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Chief Dentist believes JA should look out for oral cancer; as the Jamaican life style may attract it.

Published:Sunday | February 8, 2015 | 10:15 AMAndrew Harris

Irving McKenzie, the chief dental officer in the Ministry of Health, is warning that Jamaica faces an increasingly high risk of persons developing oral cancer because of a growing appetite for oral sex.

"Oral sex in today's society is becoming very prevalent," McKenzie told The Gleaner, while adding that from an oral-health perspective it was an unsafe practice.

McKenzie said one of the leading causes of oral cancer in the United States is the human papillomavirus (HPV). Oral cancer, he said, would normally fall in the category of non-communicable diseases, but with the HPV, it is becoming a communicable type disease because it can be contracted by contact such as sexual intercourse.

Oral cancer is also caused by tobacco smoking and alcohol, and according to the American Cancer Society, men face twice the risk of developing oral cancer than women. Men who are over age 50 face the greatest risk.

The 2007-2008 Jamaica Health and Lifestyle Survey states that approximately 65 per cent of the population 15-74 years in Jamaica report that they currently use alcohol while 13.5 per cent use marijuana and 14.5 per cent smoke cigarettes.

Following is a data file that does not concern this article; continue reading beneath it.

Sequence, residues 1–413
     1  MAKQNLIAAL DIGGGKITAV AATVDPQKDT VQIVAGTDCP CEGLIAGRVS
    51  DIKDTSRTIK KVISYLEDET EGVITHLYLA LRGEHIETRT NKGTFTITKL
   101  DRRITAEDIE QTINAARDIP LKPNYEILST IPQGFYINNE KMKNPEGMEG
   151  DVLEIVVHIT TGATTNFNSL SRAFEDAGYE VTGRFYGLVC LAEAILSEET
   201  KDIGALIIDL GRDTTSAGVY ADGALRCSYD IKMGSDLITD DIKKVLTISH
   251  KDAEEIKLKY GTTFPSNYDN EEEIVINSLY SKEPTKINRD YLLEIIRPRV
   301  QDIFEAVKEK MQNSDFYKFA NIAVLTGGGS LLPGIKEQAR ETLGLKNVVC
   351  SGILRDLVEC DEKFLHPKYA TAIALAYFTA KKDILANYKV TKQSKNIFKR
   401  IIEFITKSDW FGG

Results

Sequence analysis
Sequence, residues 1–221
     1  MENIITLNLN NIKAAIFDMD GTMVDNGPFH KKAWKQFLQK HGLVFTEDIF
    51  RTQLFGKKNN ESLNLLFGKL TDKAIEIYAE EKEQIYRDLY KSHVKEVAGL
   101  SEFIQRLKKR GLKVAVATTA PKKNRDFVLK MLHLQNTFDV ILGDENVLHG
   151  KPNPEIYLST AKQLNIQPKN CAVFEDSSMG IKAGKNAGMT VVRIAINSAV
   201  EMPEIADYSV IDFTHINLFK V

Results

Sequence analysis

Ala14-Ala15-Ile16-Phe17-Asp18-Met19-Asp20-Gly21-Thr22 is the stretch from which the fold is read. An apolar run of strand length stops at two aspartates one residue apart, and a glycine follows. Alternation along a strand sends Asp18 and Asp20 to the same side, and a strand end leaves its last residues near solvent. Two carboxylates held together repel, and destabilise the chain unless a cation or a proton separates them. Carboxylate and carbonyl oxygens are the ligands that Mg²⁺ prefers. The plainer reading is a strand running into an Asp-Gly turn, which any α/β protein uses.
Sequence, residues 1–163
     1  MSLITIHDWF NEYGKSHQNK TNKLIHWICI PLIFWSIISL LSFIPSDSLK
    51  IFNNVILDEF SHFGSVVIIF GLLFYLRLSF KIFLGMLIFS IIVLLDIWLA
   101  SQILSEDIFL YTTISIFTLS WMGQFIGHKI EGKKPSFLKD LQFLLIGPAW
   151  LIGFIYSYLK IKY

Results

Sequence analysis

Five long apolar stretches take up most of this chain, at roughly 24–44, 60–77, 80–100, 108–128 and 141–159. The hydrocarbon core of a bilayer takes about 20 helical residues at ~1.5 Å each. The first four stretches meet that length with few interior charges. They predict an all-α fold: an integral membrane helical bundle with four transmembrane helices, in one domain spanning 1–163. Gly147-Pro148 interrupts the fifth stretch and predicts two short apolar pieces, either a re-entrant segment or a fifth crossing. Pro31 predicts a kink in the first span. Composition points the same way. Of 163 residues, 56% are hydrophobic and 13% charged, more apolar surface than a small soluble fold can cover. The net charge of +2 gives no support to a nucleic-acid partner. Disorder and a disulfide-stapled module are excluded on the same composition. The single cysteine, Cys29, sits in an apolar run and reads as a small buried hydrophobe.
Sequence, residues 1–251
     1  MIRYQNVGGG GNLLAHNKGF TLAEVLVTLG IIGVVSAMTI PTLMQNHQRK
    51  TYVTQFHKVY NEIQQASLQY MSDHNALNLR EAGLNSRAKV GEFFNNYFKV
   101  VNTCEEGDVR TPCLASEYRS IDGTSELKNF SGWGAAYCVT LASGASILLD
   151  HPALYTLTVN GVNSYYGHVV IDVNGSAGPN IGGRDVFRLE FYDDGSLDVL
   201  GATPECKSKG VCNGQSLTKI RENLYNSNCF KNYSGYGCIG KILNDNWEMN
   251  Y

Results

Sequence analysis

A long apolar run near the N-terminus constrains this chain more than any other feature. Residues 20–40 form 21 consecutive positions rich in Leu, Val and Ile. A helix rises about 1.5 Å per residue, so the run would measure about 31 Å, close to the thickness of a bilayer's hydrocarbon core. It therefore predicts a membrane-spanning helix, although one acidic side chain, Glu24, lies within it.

However, the high use of alcohol and tobacco is not what's troubling McKenzie. It is projected that by 2020 oral and pharyngeal cancer will become the leading cancer and that HPV will play a great role.

McKenzie said the ministry is currently working on a strategy that will detect oral cancer in its early stage.

"We have two years' survival rate if discovered and the cost is high, because the mouth is connected to a number of important organs," he explained.

"This is not like any other cancer, because when this is discovered, it will take a toll on the individual's social life and that individual can become a social recluse," he further explained.

McKenzie said it is of great importance that oral health be given greater attention in Jamaica.

"A country like Jamaica cannot use a curative model to deal with oral and pharyngeal cancer," he argued.